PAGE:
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Making room for Daddy
The State Journal-Register
Sunday, May 06, 2001
Making room for Daddy
Society often puts mothers at center stage in parenting - and that can be
detrimental to fathers and children alike.
It happens every day.
A father has trouble getting away from work to care for his child. A
schoolteacher or pediatrician talks to a child's mother instead of his
father. Fathers are portrayed on television by the likes of mobster Tony
Soprano or goofball Homer Simpson.
These minor incidents can lead to feelings of neglect, disregard and
dimunition in men, according to Kyle Pruett, a Yale University psychiatrist
who says that, despite nationwide grumbling about absentee dads, society
doesn't do a good job of encouraging or praising fathers.
It's time to make room for Daddy.
"Every minute is important. They grow up only once," says Ron Hageman of
Springfield about his children, Hollie, 15; Katie, 17; and Seth, 26.
Hageman, a Horace Mann sales representative, is a volunteer coach on his
daughters' softball team and travels to about 100 games a year.
He and his wife, Clara, a homemaker, have both been active in the lives of
their children.
"When they were little, we went camping, fishing, on family vacations. We
read to them and threw a spongy football around in the back yard," says
Hageman, 54. "Now we're seeing the benefits of those things. They have goals
of going to college. They like sports. They've benefited, and I've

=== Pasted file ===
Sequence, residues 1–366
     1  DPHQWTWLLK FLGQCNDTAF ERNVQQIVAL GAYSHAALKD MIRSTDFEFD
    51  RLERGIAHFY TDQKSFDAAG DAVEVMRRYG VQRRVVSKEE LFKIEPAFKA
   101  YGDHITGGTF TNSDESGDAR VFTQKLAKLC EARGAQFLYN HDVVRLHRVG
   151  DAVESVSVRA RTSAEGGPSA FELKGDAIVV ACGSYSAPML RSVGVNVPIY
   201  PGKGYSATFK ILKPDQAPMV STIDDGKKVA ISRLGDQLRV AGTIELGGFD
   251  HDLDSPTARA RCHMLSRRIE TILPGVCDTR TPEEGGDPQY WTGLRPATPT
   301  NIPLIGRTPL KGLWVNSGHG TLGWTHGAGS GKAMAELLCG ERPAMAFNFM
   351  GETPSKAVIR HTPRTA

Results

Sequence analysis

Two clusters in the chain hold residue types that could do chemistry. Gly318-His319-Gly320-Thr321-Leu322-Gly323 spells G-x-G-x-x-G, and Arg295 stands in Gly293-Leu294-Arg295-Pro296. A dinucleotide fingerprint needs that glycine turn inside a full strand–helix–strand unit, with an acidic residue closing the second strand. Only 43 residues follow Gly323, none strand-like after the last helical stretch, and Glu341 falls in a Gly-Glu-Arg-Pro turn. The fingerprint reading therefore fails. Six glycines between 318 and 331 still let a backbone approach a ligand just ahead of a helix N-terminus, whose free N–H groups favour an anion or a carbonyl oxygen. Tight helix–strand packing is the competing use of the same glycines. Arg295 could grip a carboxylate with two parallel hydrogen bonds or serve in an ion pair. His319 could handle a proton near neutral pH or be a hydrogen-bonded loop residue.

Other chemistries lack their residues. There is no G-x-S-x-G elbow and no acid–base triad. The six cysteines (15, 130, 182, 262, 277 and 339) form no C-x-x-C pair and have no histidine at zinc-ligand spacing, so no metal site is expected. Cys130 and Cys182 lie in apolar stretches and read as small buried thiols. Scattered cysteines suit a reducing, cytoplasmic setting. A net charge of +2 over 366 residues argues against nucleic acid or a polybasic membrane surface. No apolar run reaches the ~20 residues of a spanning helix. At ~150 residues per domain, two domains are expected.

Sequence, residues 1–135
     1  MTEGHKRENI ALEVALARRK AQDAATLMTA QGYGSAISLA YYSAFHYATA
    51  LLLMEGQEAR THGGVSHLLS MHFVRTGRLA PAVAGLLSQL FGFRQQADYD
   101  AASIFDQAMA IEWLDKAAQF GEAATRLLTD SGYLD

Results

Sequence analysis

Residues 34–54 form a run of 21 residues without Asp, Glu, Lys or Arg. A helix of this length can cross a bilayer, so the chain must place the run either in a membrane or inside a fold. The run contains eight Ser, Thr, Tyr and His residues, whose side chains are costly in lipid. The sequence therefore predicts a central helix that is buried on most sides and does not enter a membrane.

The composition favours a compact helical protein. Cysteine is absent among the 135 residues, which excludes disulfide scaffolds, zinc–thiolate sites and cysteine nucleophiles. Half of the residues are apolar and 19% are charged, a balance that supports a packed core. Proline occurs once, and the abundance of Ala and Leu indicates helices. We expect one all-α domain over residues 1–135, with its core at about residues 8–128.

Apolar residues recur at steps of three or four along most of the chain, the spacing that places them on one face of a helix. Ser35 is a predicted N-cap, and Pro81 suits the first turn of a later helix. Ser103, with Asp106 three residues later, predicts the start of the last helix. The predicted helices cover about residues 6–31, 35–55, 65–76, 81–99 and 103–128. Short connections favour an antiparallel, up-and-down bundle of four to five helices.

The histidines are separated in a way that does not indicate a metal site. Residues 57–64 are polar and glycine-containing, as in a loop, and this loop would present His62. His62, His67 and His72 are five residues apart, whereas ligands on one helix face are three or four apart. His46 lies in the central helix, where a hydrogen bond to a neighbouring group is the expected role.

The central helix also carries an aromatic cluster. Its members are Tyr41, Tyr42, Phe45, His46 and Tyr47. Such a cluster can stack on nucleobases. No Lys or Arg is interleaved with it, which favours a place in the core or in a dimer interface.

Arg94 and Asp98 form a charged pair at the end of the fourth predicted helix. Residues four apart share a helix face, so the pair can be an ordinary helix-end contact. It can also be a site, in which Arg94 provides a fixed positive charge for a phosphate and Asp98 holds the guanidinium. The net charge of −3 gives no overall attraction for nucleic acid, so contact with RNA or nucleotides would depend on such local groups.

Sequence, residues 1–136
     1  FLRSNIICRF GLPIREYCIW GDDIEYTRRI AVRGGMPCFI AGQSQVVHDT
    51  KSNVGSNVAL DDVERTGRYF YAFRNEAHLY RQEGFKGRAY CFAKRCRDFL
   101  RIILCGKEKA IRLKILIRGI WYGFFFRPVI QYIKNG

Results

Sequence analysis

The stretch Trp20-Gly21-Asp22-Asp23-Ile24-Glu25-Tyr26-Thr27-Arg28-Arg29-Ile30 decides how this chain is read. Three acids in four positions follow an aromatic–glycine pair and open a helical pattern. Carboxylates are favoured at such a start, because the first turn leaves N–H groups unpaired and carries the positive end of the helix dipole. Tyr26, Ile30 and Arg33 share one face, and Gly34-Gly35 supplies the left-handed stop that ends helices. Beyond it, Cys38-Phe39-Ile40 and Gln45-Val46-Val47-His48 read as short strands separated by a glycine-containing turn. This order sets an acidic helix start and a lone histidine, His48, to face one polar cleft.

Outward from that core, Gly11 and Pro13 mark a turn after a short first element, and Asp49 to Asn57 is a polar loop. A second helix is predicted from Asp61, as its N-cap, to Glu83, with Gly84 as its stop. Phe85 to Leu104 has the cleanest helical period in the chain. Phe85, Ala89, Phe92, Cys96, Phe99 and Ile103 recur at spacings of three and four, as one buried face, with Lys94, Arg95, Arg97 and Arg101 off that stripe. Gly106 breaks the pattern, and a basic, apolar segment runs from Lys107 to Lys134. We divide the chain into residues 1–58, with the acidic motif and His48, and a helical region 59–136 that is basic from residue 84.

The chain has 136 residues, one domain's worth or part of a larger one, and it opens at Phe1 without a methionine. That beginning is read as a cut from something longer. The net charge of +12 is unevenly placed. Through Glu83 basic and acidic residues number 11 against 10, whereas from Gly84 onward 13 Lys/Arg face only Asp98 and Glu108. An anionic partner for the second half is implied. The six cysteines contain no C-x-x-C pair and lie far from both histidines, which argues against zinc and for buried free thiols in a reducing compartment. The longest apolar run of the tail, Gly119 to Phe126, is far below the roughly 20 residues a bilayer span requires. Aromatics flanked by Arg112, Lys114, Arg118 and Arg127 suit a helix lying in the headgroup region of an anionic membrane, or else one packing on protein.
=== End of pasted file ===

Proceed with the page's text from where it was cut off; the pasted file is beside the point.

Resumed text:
benefited - big time."
Not all fathers, of course, are as involved as Hageman.
The role of the father in American society has shifted profoundly, says
Pruett, who recently spoke at the Crowne Plaza Hotel in Springfield at a
conference about fatherhood sponsored by Voices for Illinois Children and
other child advocacy groups.
"Before the Industrial Revolution, American children were very close to
their fathers. They worked in the fields together, they went to market
together and fathers knew what their children ate for lunch and what they
said in their prayers Sunday morning," says Pruett.
"One reason that men and their children feel quite distant is because they
don't work together anymore. Most children have a very superficial
understanding of what their fathers do."
Another reason, he says, is that some mothers - often without knowing it -
refuse to relinquish control.
"Mothers encourage fathers to get involved and to spend time with the baby,
but then 90 percent of mothers tell him how to do it. They give
instructions. They turn him into an employee," says Pruett.
They may, for example, tell dad exactly how to feed, dress and handle the
child, rather than letting him find his own style and build his own sense of
"He needs to find those things out for himself. Women need to guard against
gatekeeping," says Pruett, author of "Fatherneed: Why Father Care is as
Essential as Mother Care for Your Child" (Broadway Books) and former host of
the Lifetime television series "Your Child 6-12 with Dr. Kyle Pruett."
Mary Beth Ray, a Springfield family therapist and parenting expert, agrees.
"We tend to look over our shoulder and say, 'You don't have a burp rag under
the baby's chin' or 'Is the bottle warm enough?' We're so protective and so
tuned in to our children that we hover and direct.
"I've had women say they've gone out for the night and got home at 9:30 and
Joey was still up, eating Chee-tos and watching TV. But that's the best
thing you can do. How great to be out of that rut."
Ray, the mother of three, adds that women need to remind themselves that
"it's not 80 percent mom and 20 percent dad. All parents are equal."
When Scott Brandt of Sherman is with his children, 10-year-old Lauren and
8-year-old Elliott, he reads to them ("Harry Potter" is Lauren's favorite),
builds with Lego blocks and takes them on errands. But he also plays
football with them, kicks a soccer ball around the basement and - when they
were younger - made them laugh with "tickle fighting."
The experts say children benefit from the more active play that fathers
often provide.
"Mothers don't tend to have as much fun, to romp and be silly," says Ray.